NATM or New Austrian Tunneling Method has been for long time under scrutiny. Many disagree that was “NEW” in 1957 (Kovari 2003, Jaeger 1979) when it was introduced by L. von Rabcewicz. Many more have disagreed with the term “METHOD” such as Kovari 1993. The term “NEW” was introduced by Rabcewicz to distinguish what he … Continue reading NATM is it New, Austrian or a Method?
When tunnels are excavated with conventional drill and blast operations or via mechanical excavation for softer material, the quickest way to support is the use of shotcrete. This method is called Sprayed Concrete Lining (SCL) in the UK and in other countries it is named as New Austrian Tunneling Method (NATM). In reality NATM is … Continue reading Fiber reinforced shotcrete or wire mesh for tunnel support
Things to remember when using the Mohr – Coulomb failure criterion: The linear failure envelope is just an approximation to simplify calculations The failure envelope is stress dependent and will produce some kind of curvature if shear strength tests are executed in much different confining stresses (fig 1, from Duncan and Write, 2005). According … Continue reading Mohr – Coulomb failure criterion continued
This is something that all geotechnical engineers should know but it is surprising how many do not! Just a brief overview of how the Mohr – Coulomb strength criterion came about. The Mohr – Coulomb criterion is the outcome of inspiration of two great men, Otto Mohr born on 1835 and passed away on 1918 … Continue reading The Mohr – Coulomb strength criterion
One of the largest mine landslides in Utah is presented in this story by ksl.com. Also read the relevant blogs: Slope stability and scale effects, Slope failures, landslides and mines
In previous entries the issue of stiff fissured clays and the time to failure was briefly touched. The design of such slopes is not a trivial matter and requires significant knowledge of soil mechanics, geology, hydrogeology etc. One additional issue mentioned (one that sometimes is neglected) is the scale effect. This was presented in the … Continue reading Slope stability and scale effects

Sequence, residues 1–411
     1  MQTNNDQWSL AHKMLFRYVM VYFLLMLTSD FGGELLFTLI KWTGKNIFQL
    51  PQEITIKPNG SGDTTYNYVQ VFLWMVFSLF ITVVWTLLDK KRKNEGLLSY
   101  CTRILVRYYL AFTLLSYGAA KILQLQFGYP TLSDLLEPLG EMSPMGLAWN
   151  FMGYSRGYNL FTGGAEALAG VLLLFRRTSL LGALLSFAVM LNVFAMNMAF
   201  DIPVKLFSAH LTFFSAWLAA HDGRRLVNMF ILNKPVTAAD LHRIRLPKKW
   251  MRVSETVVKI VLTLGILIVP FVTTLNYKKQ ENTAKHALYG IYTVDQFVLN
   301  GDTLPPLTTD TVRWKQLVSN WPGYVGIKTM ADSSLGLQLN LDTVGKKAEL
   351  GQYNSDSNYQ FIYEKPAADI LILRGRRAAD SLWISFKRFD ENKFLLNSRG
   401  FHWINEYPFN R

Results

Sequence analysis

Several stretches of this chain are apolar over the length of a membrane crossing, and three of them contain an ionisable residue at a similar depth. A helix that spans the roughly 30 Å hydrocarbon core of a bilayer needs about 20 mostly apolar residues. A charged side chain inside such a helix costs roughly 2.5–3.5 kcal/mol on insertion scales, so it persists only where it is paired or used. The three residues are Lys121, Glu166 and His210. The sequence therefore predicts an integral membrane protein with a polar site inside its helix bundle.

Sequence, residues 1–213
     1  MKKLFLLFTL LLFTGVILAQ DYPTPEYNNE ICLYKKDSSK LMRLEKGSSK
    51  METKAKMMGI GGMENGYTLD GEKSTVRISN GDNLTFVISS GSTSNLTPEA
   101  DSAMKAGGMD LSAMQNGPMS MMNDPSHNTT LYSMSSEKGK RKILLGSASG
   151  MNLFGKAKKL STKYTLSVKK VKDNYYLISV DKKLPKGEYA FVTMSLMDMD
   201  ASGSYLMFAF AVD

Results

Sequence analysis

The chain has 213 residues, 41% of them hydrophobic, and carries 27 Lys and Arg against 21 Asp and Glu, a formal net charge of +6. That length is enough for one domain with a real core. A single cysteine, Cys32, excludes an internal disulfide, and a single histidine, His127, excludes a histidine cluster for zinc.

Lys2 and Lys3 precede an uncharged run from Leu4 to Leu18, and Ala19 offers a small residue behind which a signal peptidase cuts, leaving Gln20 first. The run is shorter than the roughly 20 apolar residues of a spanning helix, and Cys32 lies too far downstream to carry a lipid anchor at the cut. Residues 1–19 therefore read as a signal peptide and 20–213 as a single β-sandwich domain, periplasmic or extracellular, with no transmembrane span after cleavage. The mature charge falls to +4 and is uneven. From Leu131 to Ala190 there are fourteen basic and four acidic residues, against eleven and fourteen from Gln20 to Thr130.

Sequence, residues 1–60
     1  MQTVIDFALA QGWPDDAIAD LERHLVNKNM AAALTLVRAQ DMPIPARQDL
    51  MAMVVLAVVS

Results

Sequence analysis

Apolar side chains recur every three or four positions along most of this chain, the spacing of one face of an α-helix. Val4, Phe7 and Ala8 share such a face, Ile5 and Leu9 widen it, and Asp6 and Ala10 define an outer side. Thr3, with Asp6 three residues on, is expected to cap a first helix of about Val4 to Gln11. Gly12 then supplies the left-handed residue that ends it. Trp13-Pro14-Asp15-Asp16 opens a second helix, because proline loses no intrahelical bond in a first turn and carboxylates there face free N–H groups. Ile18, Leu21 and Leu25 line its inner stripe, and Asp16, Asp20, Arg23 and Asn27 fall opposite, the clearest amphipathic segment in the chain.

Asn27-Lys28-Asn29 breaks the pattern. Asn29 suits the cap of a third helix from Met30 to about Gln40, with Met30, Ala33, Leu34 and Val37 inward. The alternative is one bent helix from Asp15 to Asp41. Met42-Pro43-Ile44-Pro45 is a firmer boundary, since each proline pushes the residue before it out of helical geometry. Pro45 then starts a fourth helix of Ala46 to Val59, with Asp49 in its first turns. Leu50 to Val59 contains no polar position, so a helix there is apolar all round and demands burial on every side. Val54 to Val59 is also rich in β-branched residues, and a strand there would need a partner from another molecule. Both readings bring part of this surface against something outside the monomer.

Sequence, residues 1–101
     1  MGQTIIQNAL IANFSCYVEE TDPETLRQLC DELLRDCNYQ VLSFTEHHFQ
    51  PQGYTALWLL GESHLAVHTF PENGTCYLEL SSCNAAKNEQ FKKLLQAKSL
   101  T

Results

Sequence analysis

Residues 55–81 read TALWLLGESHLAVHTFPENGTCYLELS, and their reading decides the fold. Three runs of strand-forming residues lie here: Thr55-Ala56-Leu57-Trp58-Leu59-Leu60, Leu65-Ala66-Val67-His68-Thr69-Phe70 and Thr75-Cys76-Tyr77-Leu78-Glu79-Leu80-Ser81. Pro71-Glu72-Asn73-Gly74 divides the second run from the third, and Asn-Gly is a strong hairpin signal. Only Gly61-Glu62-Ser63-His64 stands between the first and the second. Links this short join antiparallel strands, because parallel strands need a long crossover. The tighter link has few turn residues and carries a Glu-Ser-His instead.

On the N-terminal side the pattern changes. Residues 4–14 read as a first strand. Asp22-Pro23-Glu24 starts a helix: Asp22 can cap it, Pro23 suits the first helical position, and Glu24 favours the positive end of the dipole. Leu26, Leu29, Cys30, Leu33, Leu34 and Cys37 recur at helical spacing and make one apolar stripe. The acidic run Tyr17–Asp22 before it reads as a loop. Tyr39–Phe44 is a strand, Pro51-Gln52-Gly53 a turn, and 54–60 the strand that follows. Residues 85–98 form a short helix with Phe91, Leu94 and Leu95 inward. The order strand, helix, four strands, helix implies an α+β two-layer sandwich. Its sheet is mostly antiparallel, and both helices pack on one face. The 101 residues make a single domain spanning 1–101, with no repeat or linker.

On 11 of April 2013, around 9:30 p.m. a large slide (maybe the largest) in the northeast section of the Kennecott mine occured (fig 1). The slide was preceded by slope movements that reached ~50mm per day. Two major questions could be raised, why this slide occurred and could it have been predicted before hand … Continue reading Slope failures, landslides and mines
Lately the subject of sinkholes has appeared on press due to a fatal incident in Florida USA and several incidents in Samara Russia. In the first case a man sleeping in his bedroom in Tampa Florida, disappeared when a 5 – 10m diameter sinkhole opened suddenly under his house. The estimated depth of the sinkhole … Continue reading Sinkholes: Is it a natural or man induced hazard?
Coming back to the issue of stiff fissured clay slopes, one very important question is the standup time of a slope excavated or formed (natural erosion etc) with higher inclination than the one that would be the outcome using fully softened shear strength. Skempton (1970) in his paper “First time slides in over consolidated clays”, … Continue reading How long can stiff fissured clay slopes stand?
IAEG (International Association for Engineering Geology) organizes the XII Congress that will be held in Torino (Italy) from 15 to 19 September, 2014. The topic of the IAEG XII Congress is: “Engineering Geology for Society and Territory” and aims to explore and analyze the role of Engineering Geology. There are four main themes offered … Continue reading IAEG XII Congress: Engineering Geology